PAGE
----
Wednesday, November 8, 2023 Replaced by Credit Karma

Emma Roth (via Hacker News, Reddit):

Intuit first acquired Mint in 2009, an app that has offered a free way for users to track their budgets, manage expenses, negotiate bills, and keep tabs on subscriptions. Now, Intuit is inviting users to Credit Karma, a service that the company acquired in 2020.

While Credit Karma offers similar features, like the ability to view transactions, track spending, aggregate financial accounts, and credit monitoring, it still doesn’t come with the same budget tracking tool that many people specifically use Mint for, and it’s not clear whether Credit Karma will ever adopt it.


This is a fumble not seen since skype fell asleep and did nothing during 2021 while google and zoom came and took their entire market.

It seems like it from a product perspective, but presumably Mint was not great as a business, even as a funnel for TurboTax.

Val Agostino:

As the first product manager on the original team that built Mint, as well as the Co-founder and CEO of Monarch (a subscription-based personal finance app) I have now been in the personal finance space for over 15 years and have seen first-hand the benefits (and challenges) that these apps can provide across millions of users. I wanted to share my (admittedly biased) perspective on what Mint users should consider going forward.


I’ve always been proud that we created a product that has helped so many people better manage their financial lives, and the prospect of Mint getting shut down is a little sad.

At the same time, it’s not a surprise. A free personal finance app is simply not a viable business.

Most free apps in the app store have minimal direct costs associated with delivering their service. This is not the case with personal finance apps, which typically rely on data aggregators (Plaid, Finicity, etc) to connect to tens of thousands of financial institutions to aggregate the necessary financial data. These data fees are quite expensive, which means a personal finance app is losing money on each free user and must make it up in some other manner.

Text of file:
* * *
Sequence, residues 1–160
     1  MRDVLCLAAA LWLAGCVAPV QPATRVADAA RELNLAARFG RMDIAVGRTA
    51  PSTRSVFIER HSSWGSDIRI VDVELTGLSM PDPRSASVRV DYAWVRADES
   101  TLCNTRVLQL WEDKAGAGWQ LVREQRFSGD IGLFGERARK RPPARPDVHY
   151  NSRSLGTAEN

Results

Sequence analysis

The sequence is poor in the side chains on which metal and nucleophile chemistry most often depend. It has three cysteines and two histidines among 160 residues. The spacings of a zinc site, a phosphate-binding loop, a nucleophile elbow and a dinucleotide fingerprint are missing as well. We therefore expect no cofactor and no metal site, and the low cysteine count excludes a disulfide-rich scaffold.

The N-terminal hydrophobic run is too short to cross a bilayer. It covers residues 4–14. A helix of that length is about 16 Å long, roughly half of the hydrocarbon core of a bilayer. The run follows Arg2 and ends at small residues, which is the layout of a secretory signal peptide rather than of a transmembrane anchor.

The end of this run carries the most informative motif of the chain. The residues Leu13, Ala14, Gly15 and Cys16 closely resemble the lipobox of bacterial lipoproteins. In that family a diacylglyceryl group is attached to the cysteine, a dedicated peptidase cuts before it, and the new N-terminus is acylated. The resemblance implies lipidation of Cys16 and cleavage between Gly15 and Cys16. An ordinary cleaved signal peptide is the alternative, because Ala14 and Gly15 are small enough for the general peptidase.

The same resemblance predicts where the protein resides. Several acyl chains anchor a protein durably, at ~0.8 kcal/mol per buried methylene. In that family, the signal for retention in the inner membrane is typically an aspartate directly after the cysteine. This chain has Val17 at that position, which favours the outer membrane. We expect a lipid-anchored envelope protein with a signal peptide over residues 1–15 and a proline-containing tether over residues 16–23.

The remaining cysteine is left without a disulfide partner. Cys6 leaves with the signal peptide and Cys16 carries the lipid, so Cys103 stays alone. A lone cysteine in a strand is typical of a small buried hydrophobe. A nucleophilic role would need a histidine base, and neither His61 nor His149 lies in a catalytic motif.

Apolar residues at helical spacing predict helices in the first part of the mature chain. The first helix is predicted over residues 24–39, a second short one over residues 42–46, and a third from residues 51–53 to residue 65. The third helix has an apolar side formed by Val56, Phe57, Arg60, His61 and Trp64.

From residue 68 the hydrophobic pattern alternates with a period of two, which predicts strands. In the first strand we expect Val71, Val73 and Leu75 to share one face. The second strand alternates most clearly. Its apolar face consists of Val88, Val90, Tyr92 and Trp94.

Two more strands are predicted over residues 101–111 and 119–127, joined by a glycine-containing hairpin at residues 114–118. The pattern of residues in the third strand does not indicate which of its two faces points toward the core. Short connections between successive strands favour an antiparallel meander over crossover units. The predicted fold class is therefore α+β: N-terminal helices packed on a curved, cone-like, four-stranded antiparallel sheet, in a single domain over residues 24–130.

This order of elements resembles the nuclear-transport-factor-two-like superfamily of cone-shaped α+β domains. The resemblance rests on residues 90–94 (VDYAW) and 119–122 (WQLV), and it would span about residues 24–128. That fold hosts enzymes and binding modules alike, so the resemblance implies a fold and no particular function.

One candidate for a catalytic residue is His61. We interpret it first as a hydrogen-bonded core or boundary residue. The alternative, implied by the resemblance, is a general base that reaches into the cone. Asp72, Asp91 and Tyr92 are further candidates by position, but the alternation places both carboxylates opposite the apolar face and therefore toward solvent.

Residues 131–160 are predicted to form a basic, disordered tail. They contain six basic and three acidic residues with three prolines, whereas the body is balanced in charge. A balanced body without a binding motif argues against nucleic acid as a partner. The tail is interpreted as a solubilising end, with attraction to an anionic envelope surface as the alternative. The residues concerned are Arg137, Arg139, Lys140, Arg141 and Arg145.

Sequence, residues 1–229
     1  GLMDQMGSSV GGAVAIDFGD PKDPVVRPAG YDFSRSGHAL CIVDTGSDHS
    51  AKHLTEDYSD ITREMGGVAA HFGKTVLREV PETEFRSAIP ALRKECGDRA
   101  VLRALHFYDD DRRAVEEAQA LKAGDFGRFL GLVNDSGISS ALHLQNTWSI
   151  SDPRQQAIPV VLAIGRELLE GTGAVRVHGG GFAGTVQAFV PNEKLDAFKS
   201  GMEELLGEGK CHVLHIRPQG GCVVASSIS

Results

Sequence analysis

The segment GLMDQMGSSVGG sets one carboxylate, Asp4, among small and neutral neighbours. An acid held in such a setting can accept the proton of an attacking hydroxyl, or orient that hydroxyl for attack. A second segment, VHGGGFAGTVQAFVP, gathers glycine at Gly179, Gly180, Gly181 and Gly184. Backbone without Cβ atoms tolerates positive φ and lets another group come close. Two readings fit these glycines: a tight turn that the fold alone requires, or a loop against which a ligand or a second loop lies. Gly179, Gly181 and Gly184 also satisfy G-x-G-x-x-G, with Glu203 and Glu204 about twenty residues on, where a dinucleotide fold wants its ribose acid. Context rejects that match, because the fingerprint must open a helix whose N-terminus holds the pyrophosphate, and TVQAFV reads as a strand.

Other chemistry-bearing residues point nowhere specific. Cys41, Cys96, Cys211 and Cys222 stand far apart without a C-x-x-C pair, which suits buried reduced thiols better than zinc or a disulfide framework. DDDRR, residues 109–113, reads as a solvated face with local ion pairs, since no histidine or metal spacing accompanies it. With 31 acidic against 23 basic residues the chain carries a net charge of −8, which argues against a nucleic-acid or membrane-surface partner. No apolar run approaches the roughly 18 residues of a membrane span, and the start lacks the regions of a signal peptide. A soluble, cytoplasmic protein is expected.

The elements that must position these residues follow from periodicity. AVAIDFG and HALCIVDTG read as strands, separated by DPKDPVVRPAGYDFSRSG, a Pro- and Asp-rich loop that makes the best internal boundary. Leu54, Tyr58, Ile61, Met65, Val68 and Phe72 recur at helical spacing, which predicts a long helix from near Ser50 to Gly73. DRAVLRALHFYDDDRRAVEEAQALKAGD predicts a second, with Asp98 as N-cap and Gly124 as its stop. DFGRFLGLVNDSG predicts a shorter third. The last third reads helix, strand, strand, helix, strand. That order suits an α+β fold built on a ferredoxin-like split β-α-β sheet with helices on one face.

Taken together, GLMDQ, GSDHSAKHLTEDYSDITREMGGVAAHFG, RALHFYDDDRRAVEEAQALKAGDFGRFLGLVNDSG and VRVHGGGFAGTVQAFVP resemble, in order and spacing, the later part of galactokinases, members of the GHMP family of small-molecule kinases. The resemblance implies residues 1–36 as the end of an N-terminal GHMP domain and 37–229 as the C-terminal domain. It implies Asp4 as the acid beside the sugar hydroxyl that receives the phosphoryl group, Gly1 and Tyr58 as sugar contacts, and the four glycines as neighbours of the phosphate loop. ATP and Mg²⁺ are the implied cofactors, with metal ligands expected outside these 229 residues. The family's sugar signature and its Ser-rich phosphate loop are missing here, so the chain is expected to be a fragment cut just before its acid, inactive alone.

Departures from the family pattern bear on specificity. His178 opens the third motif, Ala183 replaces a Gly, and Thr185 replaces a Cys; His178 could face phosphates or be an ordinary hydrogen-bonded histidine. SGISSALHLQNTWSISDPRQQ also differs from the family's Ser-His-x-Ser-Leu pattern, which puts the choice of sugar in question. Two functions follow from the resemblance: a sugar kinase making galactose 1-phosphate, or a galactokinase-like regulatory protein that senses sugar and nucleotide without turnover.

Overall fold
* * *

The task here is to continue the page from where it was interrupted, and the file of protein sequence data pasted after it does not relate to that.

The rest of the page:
Mint’s business model was to present users with offers for various financial products (banks, credit cards, etc) and to earn a referral fee if a user applied for one of those products. Unfortunately, this model was never able to cover our data costs of delivering the service. Worse still, this ad-based business model created misaligned incentives between the company and its users, because the financial products that offered the highest referral fees were typically not the objectively “best” products for our customers. There was always an internal tension between doing what was in our users’ best interests and trying to drive revenue to keep the business alive.


Credit Karma is thrilled to invite all Minters to continue their financial journey on Credit Karma, where they will have access to Credit Karma’s suite of features, products, tools and services, including some of Mint’s most popular features. We know the most active Minters use Mint to monitor their cash flow and track their spending, and not only does Credit Karma offer these capabilities, but we’re able to take things even further for our members.

Let us explain: at Credit Karma, we leverage our members’ data to provide them with a view of their finances so they know where they stand and can confidently take action to improve their financial situation. This view means members can track their net worth and monitor their spending habits, transactions and cash flow. Once they know where their money stands, Credit Karma will leverage this data to empower members to take action, whether that be suggesting they use a different credit card in their wallet to maximize their rewards opportunities according to their spending habits, or proactively flagging when they’re about to be in a cash crunch, with actionable recommendations to help them smooth out their cash flow and avoid a similar situation in the future.


Credit Karma is on its way to becoming a full-service financial platform where we take stock of members’ financial profiles, connect the dots for members and identify saving opportunities to act on, at the right time.

The core Credit Karma product is useful, and the interface is fast and well designed compared with other financial sites. It gets really annoying, though. Before turning off notifications, I would get constant e-mails that provided no value and seemed like they were just trying to drive engagement. Every week there would be a supposed major change to my credit score, so I’d log in to check it and find that it was exactly the same as before or up or down 1–2 points. Then I would see that it had recommended a credit card that it knew I already had.


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I have been using monarch money for 3-4 years now. Its a paid subscription, but well worth it. Its by the original dev of mint and has the same functions, uses several connection protocols, so almost eveyrthing will import. Doesn't have apple card support, sadly.

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